Table hockey originated in the same wintry clime that developed real ice hockey: Canada. In 1933, Toronto resident Donald H. Munro built an early prototype of a table hockey game as a Christmas gift. Munro couldn’t afford to buy his children presents that year, so he built his game from scavenged scraps of wood and metal. After friends and neighbors marveled at his new game, Munro produced more, selling them on consignment at Eaton’s department store in Toronto.
The most important difference between table hockey and other tabletop games at the time was the convex shape of the surface, which forced the metal “puck” to automatically roll towards either end of the miniature rink. Unlike pinball games, this allowed two players to be equally involved on offense and defense at all times.
In 1954, a competing version of Munro's table hockey game appeared, manufactured by the Eagle Toy Company of Montreal. Eagle’s product was the first to feature realistic images of players printed in color on flat tin cutouts, which were mounted to rotate a full 360 degrees. This model was also endorsed by the NHL, and featured images of the official team pennants. Munro's game lacked the NHL seal of approval, but he did get players like Bobby Orr to endorse his product.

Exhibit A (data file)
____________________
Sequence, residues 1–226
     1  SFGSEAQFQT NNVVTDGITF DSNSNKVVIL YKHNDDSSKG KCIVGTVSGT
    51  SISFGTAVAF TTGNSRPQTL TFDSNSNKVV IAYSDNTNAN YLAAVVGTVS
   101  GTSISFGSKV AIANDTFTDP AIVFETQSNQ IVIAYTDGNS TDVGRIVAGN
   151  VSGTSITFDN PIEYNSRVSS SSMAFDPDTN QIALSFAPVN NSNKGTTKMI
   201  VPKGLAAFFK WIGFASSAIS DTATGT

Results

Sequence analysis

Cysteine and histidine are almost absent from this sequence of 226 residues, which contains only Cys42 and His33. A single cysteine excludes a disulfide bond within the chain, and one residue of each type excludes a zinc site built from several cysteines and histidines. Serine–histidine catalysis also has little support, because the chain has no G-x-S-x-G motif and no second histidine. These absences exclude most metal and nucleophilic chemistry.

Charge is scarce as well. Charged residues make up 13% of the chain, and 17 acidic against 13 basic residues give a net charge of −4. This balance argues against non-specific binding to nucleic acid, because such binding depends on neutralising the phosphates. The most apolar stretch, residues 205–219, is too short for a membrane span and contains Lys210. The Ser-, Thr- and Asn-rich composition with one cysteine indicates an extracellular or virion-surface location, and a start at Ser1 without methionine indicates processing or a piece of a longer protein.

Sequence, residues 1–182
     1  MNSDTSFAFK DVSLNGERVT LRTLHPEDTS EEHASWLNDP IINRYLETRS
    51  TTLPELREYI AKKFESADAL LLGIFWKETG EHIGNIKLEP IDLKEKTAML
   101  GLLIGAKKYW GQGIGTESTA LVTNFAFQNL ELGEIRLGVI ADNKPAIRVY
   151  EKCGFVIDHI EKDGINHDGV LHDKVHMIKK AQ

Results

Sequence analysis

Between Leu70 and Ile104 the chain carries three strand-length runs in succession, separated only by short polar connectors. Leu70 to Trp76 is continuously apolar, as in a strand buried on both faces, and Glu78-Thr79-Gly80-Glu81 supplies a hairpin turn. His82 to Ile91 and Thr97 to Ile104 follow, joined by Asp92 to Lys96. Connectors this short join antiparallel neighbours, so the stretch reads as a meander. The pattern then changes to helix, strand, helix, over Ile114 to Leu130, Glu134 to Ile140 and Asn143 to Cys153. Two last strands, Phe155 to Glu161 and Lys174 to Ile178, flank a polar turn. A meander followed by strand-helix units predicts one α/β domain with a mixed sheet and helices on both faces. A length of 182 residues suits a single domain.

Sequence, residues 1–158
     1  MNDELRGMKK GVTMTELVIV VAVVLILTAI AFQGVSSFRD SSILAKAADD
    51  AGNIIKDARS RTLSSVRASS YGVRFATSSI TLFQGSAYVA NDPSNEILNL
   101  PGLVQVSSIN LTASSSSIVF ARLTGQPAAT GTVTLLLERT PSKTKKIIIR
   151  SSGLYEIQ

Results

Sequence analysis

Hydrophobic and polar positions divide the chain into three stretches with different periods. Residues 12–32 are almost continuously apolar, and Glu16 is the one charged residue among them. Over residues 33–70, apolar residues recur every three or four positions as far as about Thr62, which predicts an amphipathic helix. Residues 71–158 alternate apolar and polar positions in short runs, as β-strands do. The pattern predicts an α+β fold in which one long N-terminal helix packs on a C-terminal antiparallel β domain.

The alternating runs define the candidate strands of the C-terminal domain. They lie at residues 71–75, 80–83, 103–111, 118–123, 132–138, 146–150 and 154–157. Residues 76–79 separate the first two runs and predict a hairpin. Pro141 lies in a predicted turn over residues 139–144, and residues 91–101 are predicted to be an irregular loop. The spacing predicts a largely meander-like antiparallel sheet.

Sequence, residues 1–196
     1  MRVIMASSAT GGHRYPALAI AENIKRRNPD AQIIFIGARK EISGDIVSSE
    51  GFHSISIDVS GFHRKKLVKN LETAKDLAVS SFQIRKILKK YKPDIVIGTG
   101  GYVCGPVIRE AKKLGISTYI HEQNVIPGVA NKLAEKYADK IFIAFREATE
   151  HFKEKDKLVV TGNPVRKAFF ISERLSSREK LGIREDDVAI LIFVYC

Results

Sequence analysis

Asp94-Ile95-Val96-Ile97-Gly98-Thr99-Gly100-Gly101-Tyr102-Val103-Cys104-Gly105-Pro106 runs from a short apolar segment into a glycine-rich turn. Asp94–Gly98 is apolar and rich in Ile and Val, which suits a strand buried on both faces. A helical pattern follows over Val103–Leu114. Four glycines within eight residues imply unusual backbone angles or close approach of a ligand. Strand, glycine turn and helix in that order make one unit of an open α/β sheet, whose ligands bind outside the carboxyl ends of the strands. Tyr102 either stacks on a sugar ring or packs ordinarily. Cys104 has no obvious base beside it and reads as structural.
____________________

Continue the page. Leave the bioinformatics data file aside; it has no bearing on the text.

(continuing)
In contrast to traditional table hockey, the concept behind air hockey was initiated by a group of Brunswick Billiards employees in 1969. Their goal was to create a game played on a fully frictionless surface, an effect finally achieved by creating a constant cushion of air across the table's top.
The first air hockey game was released in 1972 and was an immediate success, prompting the formation of an official air hockey league in Houston, Texas, the following year. In 1975, the United States Air Table Hockey Association (USAA) was established to standardize regulations, and leagues began popping up across the United States.